Housing advocates suggest that the aggressive level often employed by private equity players in these years has set the tone for the broader market, especially in neighborhoods where the rents are rising fastest. In February, a landlord of a rent-regulated building in the Brooklyn neighborhood of Bushwick made headlines by hiring construction workers to take sledge hammers into the bathrooms and kitchens of his tenants’ apartments and just start tearing them apart.
“It’s complete criminality,” said Adam Meyers, a lawyer with Brooklyn Legal Services Corporation A who works with the tenants at one of this landlord’s other buildings, where the boiler and pipes in the basement were recently destroyed. As far as Meyers knows, this landlord doesn’t have private equity backing, but he is typical in believing that the level of harassment reflects the entry of private equity money and manners into the rental marketplace. “You don’t have to go through many steps to see Wall Street financiers driving this process,” Meyers says.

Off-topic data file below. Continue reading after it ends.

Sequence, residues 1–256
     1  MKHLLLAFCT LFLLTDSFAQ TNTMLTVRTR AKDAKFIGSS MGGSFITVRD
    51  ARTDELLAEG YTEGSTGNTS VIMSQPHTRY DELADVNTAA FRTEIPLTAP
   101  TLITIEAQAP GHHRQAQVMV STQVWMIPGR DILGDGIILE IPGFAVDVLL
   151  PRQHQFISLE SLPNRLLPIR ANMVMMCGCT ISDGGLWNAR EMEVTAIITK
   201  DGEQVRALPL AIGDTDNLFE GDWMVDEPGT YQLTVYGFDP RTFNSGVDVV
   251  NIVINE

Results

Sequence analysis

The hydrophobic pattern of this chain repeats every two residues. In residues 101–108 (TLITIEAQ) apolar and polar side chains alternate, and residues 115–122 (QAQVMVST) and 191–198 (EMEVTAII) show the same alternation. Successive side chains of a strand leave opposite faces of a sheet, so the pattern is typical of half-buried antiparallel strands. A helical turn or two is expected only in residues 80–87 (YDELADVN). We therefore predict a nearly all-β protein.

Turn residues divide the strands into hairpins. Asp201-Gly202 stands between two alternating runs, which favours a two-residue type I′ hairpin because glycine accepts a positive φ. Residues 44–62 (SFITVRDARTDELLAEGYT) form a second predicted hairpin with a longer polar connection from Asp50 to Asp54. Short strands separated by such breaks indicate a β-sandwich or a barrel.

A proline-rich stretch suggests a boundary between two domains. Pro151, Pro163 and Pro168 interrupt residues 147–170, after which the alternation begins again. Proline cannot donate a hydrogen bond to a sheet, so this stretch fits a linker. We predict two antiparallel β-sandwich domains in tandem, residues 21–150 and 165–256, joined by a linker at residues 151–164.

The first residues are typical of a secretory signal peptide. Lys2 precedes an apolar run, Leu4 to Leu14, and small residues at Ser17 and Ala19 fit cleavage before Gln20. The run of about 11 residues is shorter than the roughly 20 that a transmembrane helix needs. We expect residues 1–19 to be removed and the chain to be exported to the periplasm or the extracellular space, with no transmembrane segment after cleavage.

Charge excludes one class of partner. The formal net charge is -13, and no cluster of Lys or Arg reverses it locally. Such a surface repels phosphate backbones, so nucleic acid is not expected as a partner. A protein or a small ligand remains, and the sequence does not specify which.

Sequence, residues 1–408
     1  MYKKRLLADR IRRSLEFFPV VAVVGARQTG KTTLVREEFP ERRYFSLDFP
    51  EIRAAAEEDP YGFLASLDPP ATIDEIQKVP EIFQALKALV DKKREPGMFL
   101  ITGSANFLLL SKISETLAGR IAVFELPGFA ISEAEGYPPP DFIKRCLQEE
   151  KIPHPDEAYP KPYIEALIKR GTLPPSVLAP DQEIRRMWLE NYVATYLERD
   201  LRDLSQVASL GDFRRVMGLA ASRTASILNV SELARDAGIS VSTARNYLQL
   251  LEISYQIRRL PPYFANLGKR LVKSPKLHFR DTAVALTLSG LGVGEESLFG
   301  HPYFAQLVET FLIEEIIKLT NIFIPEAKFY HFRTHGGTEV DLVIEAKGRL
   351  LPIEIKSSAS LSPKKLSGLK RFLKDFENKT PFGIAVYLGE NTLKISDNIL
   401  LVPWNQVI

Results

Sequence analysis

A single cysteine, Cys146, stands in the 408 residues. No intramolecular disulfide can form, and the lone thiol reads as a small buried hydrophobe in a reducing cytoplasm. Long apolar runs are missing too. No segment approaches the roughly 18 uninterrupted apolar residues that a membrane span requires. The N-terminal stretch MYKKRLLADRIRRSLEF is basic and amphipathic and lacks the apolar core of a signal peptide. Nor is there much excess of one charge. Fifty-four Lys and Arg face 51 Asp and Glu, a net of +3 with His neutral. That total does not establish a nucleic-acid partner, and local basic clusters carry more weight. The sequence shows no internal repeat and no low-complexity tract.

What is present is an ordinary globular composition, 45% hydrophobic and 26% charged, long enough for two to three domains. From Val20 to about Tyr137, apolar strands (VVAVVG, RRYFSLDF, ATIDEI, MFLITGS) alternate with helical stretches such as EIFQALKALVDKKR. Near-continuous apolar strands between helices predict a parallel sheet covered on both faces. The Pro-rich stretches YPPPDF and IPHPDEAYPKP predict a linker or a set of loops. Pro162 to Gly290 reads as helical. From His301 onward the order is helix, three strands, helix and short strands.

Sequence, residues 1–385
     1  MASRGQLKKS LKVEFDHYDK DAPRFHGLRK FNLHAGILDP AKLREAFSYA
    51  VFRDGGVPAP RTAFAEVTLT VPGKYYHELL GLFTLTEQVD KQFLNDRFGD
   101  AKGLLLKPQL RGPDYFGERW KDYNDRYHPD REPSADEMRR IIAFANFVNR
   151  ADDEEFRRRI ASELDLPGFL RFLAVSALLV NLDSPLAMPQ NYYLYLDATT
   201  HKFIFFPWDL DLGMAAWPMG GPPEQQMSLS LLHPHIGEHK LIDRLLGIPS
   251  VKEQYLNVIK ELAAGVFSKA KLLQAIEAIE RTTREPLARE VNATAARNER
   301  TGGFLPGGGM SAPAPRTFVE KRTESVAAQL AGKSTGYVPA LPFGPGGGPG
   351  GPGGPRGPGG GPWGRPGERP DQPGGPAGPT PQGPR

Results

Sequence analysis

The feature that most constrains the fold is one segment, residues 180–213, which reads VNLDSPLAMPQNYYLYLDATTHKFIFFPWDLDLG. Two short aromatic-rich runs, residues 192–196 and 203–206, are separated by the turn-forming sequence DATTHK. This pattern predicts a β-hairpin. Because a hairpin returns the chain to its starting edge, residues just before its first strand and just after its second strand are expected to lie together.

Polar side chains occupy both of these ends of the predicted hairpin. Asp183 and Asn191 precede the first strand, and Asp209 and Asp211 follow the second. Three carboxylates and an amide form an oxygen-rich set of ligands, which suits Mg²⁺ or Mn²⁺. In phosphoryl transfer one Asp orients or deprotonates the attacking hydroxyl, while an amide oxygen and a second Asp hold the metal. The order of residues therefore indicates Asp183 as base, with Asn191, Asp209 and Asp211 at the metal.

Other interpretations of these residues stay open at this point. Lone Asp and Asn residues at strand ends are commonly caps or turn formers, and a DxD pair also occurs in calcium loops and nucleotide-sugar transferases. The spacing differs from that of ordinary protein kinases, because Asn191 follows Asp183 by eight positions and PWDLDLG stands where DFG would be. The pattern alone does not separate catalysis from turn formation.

Fantasy and Greed
As early as 2008, it became clear that there was something seriously wrong with the financial calculations underneath these private equity purchases, not just for the tenants, but for the broader market.
“The entire predatory equity enterprise is a house of cards built on a foundation of fantasy and greed,” Senator Charles Schumer (D-NY) announced in December 2008.
By that time, the private equity owner of Riverton Houses was already in danger of falling into default. Other deals would soon sour. The biggest was the unprecedented $5.4 billion purchase of two Manhattan complexes, Stuyvesant Town and Peter Cooper Village, by private equity giant BlackRock Realty and real estate company Tishman Speyer Properties in 2006. By 2010, BlackRock and Tishman had defaulted on the mortgage and walked away from the properties.
As the financial crisis set in, it became clear how significant the role lenders played in the whole predatory equity scheme had been. None of these overly aggressive deals would have been possible without the easy access private equity firms had to mortgage loans, which in turn was enabled by the process of securitization (the banks’ practice of bundling and selling off these loans to investors in order to reduce their own risk).
Looking back, nothing may be more striking than the fact that when these predatory equity purchases blow up, the private equity firms themselves rarely seemed to lose all that much. In the collapse of the Stuyvesant Town deal, for example, Black Rock lost only $112 million. In other cases, the firms appear to have made money even though the deals failed.